(CN) – The 8th Circuit upheld an order barring Baycol users in West Virginia from trying to certify in state court a class action demanding refunds based on the cholesterol-reducing drug’s link to a severe and potentially fatal muscle disorder. Baycol was yanked from the market in August 2001, after it was linked to 31 deaths.
That same month, Baycol users filed a class action in state court in West Virginia against drug makers Bayer and GlaxoSmithKline. The lead plaintiff had not experienced any health problems from Baycol, so he sued for economic damages instead, alleging breach of warranty and violations of the West Virginia Consumer Credit and Protection Act.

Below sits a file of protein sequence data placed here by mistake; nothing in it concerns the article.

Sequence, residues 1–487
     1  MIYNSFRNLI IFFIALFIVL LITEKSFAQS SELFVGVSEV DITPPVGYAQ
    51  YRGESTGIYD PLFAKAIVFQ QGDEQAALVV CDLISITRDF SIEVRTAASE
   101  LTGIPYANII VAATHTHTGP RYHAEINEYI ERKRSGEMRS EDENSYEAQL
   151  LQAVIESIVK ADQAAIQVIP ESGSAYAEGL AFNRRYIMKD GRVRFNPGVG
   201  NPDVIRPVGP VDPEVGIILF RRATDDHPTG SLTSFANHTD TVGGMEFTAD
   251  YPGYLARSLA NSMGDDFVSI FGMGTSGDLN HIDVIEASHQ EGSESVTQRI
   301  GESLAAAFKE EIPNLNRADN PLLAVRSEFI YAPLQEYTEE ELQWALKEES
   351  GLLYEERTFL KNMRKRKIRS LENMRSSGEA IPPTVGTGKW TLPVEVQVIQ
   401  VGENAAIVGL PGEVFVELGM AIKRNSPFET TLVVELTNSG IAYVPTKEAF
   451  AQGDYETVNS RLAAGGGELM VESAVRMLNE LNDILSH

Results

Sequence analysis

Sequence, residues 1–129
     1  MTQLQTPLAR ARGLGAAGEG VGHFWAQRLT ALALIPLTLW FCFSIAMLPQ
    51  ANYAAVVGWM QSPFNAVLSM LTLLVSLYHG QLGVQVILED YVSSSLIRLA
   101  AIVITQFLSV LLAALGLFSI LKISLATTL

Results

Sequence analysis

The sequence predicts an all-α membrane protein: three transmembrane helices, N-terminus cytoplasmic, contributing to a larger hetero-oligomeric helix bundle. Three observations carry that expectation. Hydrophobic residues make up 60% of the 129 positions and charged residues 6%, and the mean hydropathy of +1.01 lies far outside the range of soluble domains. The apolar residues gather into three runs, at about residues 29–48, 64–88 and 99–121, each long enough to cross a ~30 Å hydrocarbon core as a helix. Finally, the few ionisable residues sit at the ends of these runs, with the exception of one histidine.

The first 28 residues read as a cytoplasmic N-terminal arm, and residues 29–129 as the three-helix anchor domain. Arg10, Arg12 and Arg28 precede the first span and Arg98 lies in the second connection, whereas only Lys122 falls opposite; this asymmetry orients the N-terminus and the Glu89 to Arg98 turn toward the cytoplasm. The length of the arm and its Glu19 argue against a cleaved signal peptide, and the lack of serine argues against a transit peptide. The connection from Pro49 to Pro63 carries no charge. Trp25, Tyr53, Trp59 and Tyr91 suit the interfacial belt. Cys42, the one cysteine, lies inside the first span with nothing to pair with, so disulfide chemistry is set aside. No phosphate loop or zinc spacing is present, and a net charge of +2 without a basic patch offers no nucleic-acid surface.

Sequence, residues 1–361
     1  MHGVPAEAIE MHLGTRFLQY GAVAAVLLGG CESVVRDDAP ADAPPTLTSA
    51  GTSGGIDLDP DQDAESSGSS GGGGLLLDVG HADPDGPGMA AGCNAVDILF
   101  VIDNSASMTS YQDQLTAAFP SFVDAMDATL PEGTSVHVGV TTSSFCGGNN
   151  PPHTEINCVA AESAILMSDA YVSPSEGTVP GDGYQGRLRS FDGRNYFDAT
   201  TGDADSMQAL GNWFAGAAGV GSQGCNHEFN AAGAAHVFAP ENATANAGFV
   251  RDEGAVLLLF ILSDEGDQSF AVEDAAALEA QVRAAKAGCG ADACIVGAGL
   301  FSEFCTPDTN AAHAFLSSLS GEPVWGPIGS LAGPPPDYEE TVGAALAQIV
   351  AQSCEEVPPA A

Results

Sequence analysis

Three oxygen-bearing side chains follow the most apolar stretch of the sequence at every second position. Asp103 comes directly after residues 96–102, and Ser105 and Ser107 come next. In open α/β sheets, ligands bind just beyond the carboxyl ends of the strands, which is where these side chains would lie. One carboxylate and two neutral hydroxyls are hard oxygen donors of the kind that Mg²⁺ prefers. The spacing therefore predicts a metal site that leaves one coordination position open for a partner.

The case was removed to district court and later combined with other class actions in a multidistrict litigation court.
The judge presiding over the nationwide refund action denied class certification, saying the plaintiffs “would have to demonstrate that they were either injured by Baycol, or that Baycol did not provide them any health benefits,” so their claims weren’t similar enough to proceed as a class.
Not long after, two other Baycol users sought certification of a West Virginia economic class action in state court.
Bayer asked a federal judge to bar the plaintiffs from rehashing the certification issue in state court. The district court complied, issuing an injunction.
A three-judge panel in St. Louis upheld the order, saying the federal court’s ruling barred any motion for class certification in state court.
Judge Diana Murphy pointed out that the plaintiffs can still appeal or pursue their claims individually.
“These safeguards satisfy due process and are sufficient to bind them in personam to the district court’s certification decision,” Murphy wrote.